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You’ve been warned about the angsty teenage years, you’ve been told how your 20’s will be a struggle and how lonely the 70’s might get – but were you ever given a heads up about the late 40’s?
The period of middle age is often described as stable, mature and sometimes even the best years of your life but for many women the choice of adjectives will be on the other end of the spectrum.
You see, this is the time when the end of your monthly periods sets in – slowly and agonizingly. The menstrual cycle is a bittersweet companion for 30+ years so it’s only natural to expect a painful farewell.

The time around menopause (specifically a year before it actually happens) is known as the climacteric or the perimenopausal period. Everyone will tell you about hot flushes during this time but that’s not the only sign perimenopause comes with. In fact, there’s a whole spectrum of symptoms and although many of them can be subjective and vary person to person, there are ways to tell if you’re headed to the beginning of an end.

The Obvious Signs: Hot Flushes, Weight Gain and Mood Swings

Perhaps the most well-known signs of perimenopause have always been hot flushes and night sweats. Feeling excessively hot or sweaty when you’re in the age group of menopause could be one of the earliest telling signs. Night sweats can especially be troublesome and keep you from getting a restful sleep.

Another ‘popular’ perimenopausal sign is a drastic shift in your moods. This could be anywhere from feeling blue to unexplained aggression and irritability. So if you’re feeling at edge around the standard menopause time, you can blame it on your declining hormone levels.
Gaining an extra few pounds that seem stubborn to lose is classic of an oncoming menopause as well.

The Not-So Obvious Signs

Perimenopause is more than mood swings and hot flushes; it’s a marriage of other signs and symptoms that can affect every woman in a different way. There are some shared signs that can sometimes be vague and not clearly obvious immediately but if you can manage to pick them up you can be better prepared for your inevitable menopause.

  1. Cognitive and memory problems: When you’re heading towards the end of your menstrual cycle, you might start finding it hard to concentrate or remember events. Of course this could be because of the natural aging process but there is enough evidence to link poor memory with menopause.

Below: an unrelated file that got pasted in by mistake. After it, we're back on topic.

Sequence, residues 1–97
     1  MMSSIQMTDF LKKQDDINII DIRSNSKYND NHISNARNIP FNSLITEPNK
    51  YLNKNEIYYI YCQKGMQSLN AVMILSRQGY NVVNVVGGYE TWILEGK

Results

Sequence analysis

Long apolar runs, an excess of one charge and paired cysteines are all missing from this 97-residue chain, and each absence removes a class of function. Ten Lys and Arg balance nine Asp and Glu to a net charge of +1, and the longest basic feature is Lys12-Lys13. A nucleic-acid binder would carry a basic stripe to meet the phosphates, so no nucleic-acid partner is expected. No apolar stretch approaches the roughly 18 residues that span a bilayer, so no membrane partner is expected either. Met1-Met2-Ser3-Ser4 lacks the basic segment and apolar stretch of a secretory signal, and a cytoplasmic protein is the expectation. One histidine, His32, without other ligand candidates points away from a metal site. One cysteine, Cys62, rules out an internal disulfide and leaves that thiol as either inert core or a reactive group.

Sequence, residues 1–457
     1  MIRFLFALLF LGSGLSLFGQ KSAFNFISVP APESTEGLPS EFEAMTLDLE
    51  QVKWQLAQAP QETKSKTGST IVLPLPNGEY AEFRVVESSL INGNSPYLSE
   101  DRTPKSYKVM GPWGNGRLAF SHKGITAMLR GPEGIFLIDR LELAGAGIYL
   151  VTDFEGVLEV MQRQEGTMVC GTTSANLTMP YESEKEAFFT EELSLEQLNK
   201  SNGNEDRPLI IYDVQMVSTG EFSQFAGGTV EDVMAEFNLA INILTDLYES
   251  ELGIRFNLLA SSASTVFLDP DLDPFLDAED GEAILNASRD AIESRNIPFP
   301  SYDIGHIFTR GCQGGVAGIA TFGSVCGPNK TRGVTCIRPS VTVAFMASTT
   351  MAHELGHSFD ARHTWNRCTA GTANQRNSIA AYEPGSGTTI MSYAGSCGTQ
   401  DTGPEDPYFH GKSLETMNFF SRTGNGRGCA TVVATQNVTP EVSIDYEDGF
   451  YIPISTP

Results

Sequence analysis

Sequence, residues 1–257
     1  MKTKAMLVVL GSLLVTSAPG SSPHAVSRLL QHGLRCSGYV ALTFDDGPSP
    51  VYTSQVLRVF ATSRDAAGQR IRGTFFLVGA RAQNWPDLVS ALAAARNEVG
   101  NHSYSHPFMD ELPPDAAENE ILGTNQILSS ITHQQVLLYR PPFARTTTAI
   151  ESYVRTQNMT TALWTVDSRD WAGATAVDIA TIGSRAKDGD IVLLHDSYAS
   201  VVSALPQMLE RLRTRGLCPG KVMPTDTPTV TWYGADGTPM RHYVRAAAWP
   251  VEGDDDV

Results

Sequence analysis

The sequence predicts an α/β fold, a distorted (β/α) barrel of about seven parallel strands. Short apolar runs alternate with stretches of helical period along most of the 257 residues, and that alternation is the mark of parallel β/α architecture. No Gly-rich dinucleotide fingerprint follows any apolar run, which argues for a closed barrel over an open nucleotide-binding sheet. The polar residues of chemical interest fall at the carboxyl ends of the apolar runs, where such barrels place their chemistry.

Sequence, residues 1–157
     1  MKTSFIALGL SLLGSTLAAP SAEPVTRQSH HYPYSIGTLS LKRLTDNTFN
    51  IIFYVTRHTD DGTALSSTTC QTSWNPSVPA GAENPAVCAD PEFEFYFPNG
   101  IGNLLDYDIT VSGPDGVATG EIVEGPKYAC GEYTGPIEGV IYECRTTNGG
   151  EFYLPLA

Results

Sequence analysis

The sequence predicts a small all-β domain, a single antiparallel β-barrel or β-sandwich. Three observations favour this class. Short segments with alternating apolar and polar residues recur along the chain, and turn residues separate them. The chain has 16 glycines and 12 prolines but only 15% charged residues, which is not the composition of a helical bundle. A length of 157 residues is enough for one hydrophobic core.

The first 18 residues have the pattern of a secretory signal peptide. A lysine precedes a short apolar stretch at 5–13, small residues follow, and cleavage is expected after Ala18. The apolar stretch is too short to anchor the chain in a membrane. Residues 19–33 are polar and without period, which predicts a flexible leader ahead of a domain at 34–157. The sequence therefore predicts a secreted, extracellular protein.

2. Unexplained body aches and joint pain: As the level of estrogen slowly falls, your bone health starts to decline eventually leading to osteoporosis. This is a long process and can take years to develop into full-blown osteoporosis but joint aches and pain can set in early – even in the perimenopausal period.
  3. Itchy and dry skin: This might be a tricky sign to pick up especially if you already have dry skin. Women in the perimenopausal period do tend to develop drier and subsequently itchy skin – the exact cause is still a mystery.
  4. Changes in your hair: Hair tends to get brittle, thin, and falls off more easily during the perimenopausal period. If you’ve noticed a change in your hair quality overtime, it could be because you’re about to have your menopause. Don’t worry though – there’s nothing a good dose of hair vitamins and proper hair care can’t fix!
  5. Decreased sex drive: As the hormones in your body fall so does your sexual desire. You might experience a dry or sore vagina that hurts during intercourse or you might just never be in the ‘mood to do it’.

It’s Not All Bad News!

Perimenopause can feel like a stab in the back when you’re finally putting your life together but there is light at the end of the tunnel. Dietary and lifestyle changes can make benefit you greatly in coping with this stressful time and a positive attitude towards your body can make all the difference in the world.

If your perimenopausal symptoms are getting the best of you and constraining you from your daily activities, don’t hesitate to ask for professional help! Click here to schedule a free consultation with our doctor and see what your options are.